Gotthard Tunnel’s reconstruction likely to begin after September ends

Accident in the Gotthard Base Tunnel. Image: © SBB CFF FFS SBB CFF FFS

Clearance and rescue works in the western tube of the Gotthard Tunnel are expected to be finished by the end of September. SBB is currently working on removing the impacted wagons and locomotives, with eight railcars remaining in the tunnel waiting to be removed. After completing this task, carried out in parallel with the tunnel’s damage assessment, SBB will be able to commence reconstruction, which is not expected to be finished before 2024.

SBB mentioned that its crews work two shifts, seven days a week. So far, they have removed 22 wagons and two locomotives from the western tube of the Gotthard Tunnel. The company also underlined that some of the wagons were in such bad shape from the impact that they had to be dismantled inside the tunnel before being removed. Understandably, this adds considerable time to the overall clearance and rescue operation.

Despite SBB also carrying out damage assessment studies, it is not 100 per cent sure that reconstruction works will start at the end of September. This is because, after the assessment, SBB will need to determine the “exact nature of the damage and order the additional replacement material required” for the rebuilding.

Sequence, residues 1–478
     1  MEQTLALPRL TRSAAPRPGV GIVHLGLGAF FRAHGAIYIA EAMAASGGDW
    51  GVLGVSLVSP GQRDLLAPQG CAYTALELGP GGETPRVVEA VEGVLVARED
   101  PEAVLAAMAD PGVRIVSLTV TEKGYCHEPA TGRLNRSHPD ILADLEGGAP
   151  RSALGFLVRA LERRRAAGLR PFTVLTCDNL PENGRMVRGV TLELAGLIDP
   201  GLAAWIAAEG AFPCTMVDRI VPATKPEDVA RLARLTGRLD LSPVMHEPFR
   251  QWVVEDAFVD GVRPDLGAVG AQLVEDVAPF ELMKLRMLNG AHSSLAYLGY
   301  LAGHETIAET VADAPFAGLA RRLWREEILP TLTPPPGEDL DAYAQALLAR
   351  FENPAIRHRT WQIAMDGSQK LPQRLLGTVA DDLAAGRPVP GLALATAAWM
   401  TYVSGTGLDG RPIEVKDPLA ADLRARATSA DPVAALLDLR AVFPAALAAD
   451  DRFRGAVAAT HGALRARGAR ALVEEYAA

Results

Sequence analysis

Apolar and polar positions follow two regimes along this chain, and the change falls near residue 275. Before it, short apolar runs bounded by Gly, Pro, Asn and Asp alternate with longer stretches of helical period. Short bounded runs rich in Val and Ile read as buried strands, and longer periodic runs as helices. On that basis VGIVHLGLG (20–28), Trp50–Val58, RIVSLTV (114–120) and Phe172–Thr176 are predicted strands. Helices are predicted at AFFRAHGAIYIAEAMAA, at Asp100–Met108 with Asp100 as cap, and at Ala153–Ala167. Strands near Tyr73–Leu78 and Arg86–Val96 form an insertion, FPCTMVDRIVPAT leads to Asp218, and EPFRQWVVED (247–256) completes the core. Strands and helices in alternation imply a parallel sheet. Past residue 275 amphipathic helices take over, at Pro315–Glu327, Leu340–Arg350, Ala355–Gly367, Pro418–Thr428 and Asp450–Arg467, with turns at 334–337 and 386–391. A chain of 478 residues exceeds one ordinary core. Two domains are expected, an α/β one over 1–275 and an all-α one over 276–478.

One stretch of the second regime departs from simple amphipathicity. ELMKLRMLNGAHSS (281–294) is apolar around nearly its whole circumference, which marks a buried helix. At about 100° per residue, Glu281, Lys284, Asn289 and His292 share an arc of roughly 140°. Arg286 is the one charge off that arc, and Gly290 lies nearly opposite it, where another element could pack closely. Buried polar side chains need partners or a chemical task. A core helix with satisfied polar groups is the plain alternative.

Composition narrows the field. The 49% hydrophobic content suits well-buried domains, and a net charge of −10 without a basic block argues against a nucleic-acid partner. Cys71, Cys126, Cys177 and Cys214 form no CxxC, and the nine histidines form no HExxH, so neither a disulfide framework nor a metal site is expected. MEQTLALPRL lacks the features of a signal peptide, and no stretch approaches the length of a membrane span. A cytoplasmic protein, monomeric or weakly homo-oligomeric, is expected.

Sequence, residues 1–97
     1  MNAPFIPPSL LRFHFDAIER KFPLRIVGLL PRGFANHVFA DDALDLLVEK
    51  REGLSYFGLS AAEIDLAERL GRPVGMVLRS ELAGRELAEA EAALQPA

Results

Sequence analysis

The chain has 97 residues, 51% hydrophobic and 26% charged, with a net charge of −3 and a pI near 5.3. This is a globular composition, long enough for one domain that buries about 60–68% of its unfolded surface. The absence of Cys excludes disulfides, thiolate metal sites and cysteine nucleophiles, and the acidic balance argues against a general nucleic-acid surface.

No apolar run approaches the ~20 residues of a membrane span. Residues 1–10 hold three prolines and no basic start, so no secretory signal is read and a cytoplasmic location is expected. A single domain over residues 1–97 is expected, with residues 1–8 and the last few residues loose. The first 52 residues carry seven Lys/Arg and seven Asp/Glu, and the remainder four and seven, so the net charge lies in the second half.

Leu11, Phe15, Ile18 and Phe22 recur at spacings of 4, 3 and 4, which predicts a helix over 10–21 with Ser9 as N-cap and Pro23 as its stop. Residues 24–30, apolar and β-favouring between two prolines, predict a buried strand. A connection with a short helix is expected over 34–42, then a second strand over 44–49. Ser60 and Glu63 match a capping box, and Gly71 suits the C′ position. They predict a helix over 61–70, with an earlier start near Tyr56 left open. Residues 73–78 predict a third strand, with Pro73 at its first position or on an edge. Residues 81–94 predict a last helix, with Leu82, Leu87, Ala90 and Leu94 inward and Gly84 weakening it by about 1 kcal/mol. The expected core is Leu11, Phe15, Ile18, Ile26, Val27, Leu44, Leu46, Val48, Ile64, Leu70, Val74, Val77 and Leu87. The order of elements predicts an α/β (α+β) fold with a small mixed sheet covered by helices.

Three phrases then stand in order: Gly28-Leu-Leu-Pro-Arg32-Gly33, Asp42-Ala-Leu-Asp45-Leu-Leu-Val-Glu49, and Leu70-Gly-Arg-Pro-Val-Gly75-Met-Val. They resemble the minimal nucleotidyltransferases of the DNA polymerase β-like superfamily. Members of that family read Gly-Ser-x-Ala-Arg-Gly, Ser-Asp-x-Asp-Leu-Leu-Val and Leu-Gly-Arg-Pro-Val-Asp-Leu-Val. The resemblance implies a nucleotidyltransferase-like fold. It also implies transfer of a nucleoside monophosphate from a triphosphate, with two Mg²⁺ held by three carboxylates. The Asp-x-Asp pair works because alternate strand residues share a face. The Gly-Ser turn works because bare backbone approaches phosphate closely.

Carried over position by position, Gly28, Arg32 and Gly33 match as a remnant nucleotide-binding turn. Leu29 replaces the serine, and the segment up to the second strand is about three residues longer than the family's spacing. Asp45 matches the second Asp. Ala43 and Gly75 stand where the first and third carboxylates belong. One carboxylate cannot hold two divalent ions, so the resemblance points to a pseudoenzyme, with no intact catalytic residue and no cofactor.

However, since SBB has no reserve materials, it might need additional time before they are ordered and delivered. As a result, the Swiss company confirmed the initial estimations that it will take months before the damage is repaired, with the beginning of 2024 being the best-case scenario so far.

Freight traffic continues with restrictions

Simultaneously and through the Gotthard Tunnel’s eastern tube, freight trains continue operations, alas with considerable restrictions. Freight traffic recommenced on 23 August, and it works by rotation: four trains run in one direction and then are followed by four more trains running in the opposite direction. Around 90 trains cross the Gotthard Tunnel daily, with the limit at 100, almost exhausted.

An additional 15 to 20 trains per day also cross the region via the Gotthard Panoramic route, while to ensure that freight operations are impacted as little as possible, SBB has postponed the works to several other construction sites around.

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Author: Nikos Papatolios

Nikos Papatolios is the Chief Editor of RailFreight.com, the online magazine for rail freight professionals.

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Gotthard Tunnel’s reconstruction likely to begin after September ends | RailFreight.com